UI wants cameras on city streets

UI wants cameras on city streets

CHAMPAIGN — University of Illinois officials want to expand their security camera network — which now numbers more than 1,000 — onto city streets, and elected officials in Champaign will hear more about the proposal this week.

The 6-year-old security camera program has proven valuable in criminal investigations, UI Police Chief Jeff Christensen said, and adding more cameras along Green Street in the future will give police another tool in a high-traffic corridor through campus.

Tune to WDWS Wednesday at 7:40 a.m. as Champaign councilwoman Deb Feinen weighs in on cameras and other city matters.

The UI maintains 1,088 cameras (not including Memorial Stadium cameras) on its own property, and now wants to add to its network, using city-owned traffic standards and a control box near the intersection of Sixth and John streets.

It would be the first foray into expanding the network onto property not owned by the university, and it could usher in further expansion in the future. City council members will have to green-light the plan, and they'll hold their first public discussion of the proposal when they meet in study session at 7 p.m. Tuesday.

Christensen said the cameras would be valuable to his department as well as Champaign and Urbana police, who all have an interest in keeping the Green Street corridor safe.

"Since our students travel, socialize, live in those areas, we would like to expand that network to provide that area with the safety aspect that has worked so far," Christensen said.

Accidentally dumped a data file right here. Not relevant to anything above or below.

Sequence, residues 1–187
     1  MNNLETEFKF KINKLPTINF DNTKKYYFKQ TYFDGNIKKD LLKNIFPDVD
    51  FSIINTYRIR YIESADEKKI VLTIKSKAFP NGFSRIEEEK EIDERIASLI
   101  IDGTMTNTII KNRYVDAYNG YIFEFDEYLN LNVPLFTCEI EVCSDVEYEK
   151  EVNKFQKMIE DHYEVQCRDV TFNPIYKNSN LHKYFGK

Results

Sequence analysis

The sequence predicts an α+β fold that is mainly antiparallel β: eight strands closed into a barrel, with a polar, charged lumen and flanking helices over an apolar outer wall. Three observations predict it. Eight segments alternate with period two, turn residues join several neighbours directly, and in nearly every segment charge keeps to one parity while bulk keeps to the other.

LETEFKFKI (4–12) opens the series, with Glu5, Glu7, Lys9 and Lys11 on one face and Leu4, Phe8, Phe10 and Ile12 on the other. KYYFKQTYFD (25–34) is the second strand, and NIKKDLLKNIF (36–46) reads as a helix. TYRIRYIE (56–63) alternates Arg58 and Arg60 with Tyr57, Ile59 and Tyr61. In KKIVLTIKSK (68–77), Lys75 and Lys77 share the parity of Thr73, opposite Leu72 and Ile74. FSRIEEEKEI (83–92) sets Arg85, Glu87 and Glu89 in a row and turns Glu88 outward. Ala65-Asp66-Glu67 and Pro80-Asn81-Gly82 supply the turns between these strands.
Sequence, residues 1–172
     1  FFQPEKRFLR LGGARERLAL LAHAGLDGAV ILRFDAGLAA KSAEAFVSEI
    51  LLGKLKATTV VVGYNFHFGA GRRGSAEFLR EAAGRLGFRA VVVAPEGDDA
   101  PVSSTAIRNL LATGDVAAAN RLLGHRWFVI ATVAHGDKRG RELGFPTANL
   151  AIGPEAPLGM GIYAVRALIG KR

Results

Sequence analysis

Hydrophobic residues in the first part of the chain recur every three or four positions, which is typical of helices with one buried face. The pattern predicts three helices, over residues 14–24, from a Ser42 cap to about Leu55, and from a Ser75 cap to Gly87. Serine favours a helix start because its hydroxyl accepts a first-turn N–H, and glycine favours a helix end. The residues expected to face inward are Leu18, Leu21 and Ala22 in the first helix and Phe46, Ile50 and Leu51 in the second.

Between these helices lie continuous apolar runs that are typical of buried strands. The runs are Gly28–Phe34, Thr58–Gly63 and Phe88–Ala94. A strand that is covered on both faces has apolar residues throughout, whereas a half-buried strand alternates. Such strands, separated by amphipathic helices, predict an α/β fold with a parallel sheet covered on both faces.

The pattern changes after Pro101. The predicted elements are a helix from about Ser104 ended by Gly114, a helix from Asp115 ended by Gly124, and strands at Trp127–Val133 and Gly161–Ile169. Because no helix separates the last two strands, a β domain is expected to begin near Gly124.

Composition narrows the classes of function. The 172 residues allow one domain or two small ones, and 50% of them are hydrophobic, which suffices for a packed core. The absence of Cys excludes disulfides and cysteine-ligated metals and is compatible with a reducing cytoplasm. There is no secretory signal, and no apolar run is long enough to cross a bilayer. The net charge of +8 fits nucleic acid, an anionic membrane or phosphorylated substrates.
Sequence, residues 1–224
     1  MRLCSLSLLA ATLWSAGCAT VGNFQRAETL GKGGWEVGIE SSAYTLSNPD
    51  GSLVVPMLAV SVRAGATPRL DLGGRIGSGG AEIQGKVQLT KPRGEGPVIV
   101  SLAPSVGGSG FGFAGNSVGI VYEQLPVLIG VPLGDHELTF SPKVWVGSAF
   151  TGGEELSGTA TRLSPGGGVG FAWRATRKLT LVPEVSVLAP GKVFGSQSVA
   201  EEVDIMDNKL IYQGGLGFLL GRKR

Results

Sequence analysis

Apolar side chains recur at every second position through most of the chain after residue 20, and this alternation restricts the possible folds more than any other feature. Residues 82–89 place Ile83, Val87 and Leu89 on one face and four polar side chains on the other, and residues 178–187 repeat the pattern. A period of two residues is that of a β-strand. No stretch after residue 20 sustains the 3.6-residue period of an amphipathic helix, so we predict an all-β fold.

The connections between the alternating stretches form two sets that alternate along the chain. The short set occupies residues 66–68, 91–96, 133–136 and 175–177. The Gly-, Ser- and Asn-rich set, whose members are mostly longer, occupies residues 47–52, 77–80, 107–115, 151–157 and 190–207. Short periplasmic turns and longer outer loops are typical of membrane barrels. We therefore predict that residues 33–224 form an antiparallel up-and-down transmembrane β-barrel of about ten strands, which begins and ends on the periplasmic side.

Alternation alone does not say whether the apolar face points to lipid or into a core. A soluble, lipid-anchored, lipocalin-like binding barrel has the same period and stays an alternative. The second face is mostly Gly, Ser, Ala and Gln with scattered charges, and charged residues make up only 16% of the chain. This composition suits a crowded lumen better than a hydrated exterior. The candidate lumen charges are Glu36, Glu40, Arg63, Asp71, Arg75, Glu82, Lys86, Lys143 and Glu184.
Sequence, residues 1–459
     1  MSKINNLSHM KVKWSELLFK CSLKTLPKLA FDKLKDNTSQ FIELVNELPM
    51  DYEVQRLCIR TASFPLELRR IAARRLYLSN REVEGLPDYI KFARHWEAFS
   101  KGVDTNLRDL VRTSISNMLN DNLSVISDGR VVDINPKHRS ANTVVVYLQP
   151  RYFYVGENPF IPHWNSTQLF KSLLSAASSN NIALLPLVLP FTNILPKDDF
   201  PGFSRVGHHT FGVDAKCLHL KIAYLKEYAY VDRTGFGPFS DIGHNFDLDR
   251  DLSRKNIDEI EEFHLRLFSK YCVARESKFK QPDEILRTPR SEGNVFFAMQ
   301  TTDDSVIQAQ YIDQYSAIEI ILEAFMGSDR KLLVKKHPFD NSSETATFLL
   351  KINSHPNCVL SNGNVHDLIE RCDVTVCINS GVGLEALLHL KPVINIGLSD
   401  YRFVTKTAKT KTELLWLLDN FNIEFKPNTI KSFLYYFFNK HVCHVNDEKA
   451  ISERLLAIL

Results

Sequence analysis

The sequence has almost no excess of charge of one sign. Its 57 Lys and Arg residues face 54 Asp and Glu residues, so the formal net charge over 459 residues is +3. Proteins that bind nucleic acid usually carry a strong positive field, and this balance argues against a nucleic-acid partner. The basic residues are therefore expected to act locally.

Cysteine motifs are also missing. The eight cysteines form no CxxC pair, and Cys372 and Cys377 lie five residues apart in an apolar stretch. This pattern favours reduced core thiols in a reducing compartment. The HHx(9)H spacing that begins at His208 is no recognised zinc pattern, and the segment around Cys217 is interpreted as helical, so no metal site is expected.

UI police conducted a survey last year to examine how often they were using their camera network. Between August 2012 and September 2013, Christensen said, UI police used security camera footage in 28 investigations. The footage assisted in solving 15 of those cases, and it provided supporting evidence in six cases.

One of the higher-profile uses of that footage began on April 7, 2013, when a man — later identified as 33-year-old Gregory Hayes Jr. — followed a female student into her Urbana dormitory, put her in a chokehold, dragged her out the door and sexually molested her. Two men heard the woman's screams and came to her aid.

The whole scene was caught on camera.

"We pushed that out on the mobile data computers to all local agencies, the image of the suspect, and almost immediately, an Urbana police officer recognized him as a registered sex offender," Christensen said. "He was arrested within the hour."

In December, Hayes was sentenced to the maximum 60 years in prison.

In 2012 and 2013, a group of Champaign, Urbana and UI police officers examined the existing locations of campus security cameras and made recommendations for new locations based on frequency of criminal activity and the amount of pedestrian and vehicle traffic.

"We want to put them where they're going to be effective," Christensen said. "Cameras everywhere is not going to be effective."

In Champaign, those recommendations included Green Street from Neil to Wright streets; Sixth Street from Green to John streets; and the area surrounding the intersection of Fourth Street and Springfield Avenue. Christensen said police are also looking at some entryways to campus, like Lincoln Avenue.

But the Green Street corridor is the first phase of that expansion. To begin that process, UI officials would install cameras on city-owned traffic standards at the intersection of Sixth and John and connect to a traffic-control pedestal nearby.